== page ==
Superannuation Death Benefits
One of the most important decisions you make when you join a superannuation fund has nothing at all to do with investment choices. Superannuation is a non-estate asset, meaning that it is not automatically distributed in accordance with terms in your Will. It is therefore important that you consider how and to whom you will leave your superannuation death benefits.
Who can receive your superannuation when you die?
Strict superannuation rules contained in the Superannuation Industry Supervision (SIS) legislation govern how your super is distributed consequent upon your death: it is extremely important to follow those rules to ensure your money is paid to whom you intended. Upon death, subject to the trust deed of the fund, your superannuation may only be paid to your superannuation dependants or to your estate.
Superannuation dependants include:
- Your spouse (including a de facto spouse),
- Your children (regardless of age),
- A person with whom you have an interdependency relationship*,
- A person who is financially dependent on the member (eg. family relative), and
- Your estate.
* An interdependency relationship applies where two persons, whether or not related by family:
- Have a “close personal relationship”; and
- Live together; and
- One or each of them provides the other with financial support; and
- One or each of them provides the other with “domestic support” and “personal care”.
The definition can also be satisfied if the two persons have a “close personal relationship” and the only reason they don’t satisfy the remaining conditions above is because either or both of them suffer from a physical, intellectual or psychiatric disability.
Death benefits paid to a tax dependant are tax free. To a non tax dependant, the taxable component of the benefit is taxed at 15 per cent, and the remainder is tax free.
Important Note: From 1 July 2007, death benefits are no longer able to be paid to a non-tax dependant as a pension. Non-tax dependants include adult children, unless they suffer a permanent disability, or are under 25 and financially dependant.
How can you ensure your super goes to the right person when you die?
Given the above definition of dependants, nominating beneficiaries of your super fund can be done by informing your fund of your intention. Depending on the trust deed of the superannuation fund, the nomination can be divided into two categories:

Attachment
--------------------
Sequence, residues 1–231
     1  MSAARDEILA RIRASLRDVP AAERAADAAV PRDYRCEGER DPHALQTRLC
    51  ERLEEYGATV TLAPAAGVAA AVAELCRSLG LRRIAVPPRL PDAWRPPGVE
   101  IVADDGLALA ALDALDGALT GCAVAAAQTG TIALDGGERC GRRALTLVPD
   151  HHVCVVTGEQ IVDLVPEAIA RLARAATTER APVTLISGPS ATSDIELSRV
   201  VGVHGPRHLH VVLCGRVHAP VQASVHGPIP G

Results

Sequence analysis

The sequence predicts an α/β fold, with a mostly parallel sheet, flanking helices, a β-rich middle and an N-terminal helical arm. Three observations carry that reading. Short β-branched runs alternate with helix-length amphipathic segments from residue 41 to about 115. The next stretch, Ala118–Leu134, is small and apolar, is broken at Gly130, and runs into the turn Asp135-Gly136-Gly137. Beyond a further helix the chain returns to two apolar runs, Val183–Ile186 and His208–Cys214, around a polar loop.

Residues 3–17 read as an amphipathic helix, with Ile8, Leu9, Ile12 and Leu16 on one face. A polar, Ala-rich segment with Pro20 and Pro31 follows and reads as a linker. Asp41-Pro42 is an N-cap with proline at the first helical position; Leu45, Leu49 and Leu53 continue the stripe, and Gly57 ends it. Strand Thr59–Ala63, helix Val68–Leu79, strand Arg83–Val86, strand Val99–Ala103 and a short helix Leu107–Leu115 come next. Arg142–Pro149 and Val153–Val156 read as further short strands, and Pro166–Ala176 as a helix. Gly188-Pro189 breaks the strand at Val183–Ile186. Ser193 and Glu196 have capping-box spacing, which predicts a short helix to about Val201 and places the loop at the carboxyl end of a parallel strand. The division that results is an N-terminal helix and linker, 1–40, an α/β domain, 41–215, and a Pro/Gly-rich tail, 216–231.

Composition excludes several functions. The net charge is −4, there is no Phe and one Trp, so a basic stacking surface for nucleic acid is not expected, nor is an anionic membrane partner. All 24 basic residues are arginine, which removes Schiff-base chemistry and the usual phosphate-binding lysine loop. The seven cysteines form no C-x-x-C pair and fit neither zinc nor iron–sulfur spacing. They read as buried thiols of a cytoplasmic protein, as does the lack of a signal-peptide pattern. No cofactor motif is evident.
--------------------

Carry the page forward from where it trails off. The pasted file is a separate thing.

- Discretionary Nomination – is only a guide and the trustee of your superannuation fund will have the ultimate discretion as to which dependant will receive your super. The trustee will take into consideration any nomination of beneficiaries that you have made, but is not legally bound by your request.
- Binding Death Benefit Nomination – is a legally binding nomination as to which dependant(s) you want to receive your super. This will negate the discretion of the trustee of the superannuation fund to determine who your benefits are paid to upon your death. To be valid, a binding death benefit nomination must be signed by you and witnessed by two persons who are not beneficiaries of the nomination. Binding death nominations are usually only valid for three years and your super fund is obliged to write to you before the nomination expires to remind you to update it. (Some trustees have a less formal process to facilitate continuation of the nomination beyond the usual expiry date.)
What happens if I do not have any dependants?
Should you have no dependants as defined under superannuation rules and you want someone else such as a brother or a charity to receive your superannuation, you should consider nominating your estate as the preferred beneficiary of your superannuation entitlements. Your superannuation will then be distributed according to the terms of your Will.
Why is ongoing review important?
It is important to review death benefit nominations regularly to ensure that the people you wish to benefit in the event of your demise are currently nominated; and to include full details of your beneficiaries including their relationship to you, their full name and their address in your relevant records. Promptly informing your superannuation fund trustee of any changes to your beneficiaries (or changes to their personal details) will make the task of distributing your super much less complex for all involved.
Given the complex nature of Wills, superannuation death benefits and your personal circumstances, professional advice should always be sought from your financial adviser and an estate planning specialist.
Professional advice from the experienced advisers at Continuum Financial Planners Pty Ltd is readily available: to arrange a meeting, phone 07-34213456, or use the website contact us facility for prompt attention to arrange an appointment to discuss the most appropriate beneficiary nomination process for your Super account. Your best interests from a wealth management point of view will be served by our mantra – ‘we listen, we understand; and we have solutions’.
We acknowledge the resources of Securitor Financial Group Limited in drafting the majority of the detail in the above article: it has been extracted from the Support Information to advice documents. This article was originally posted on our website Library in March 2010: it has been refreshed and updated as at March 2014.
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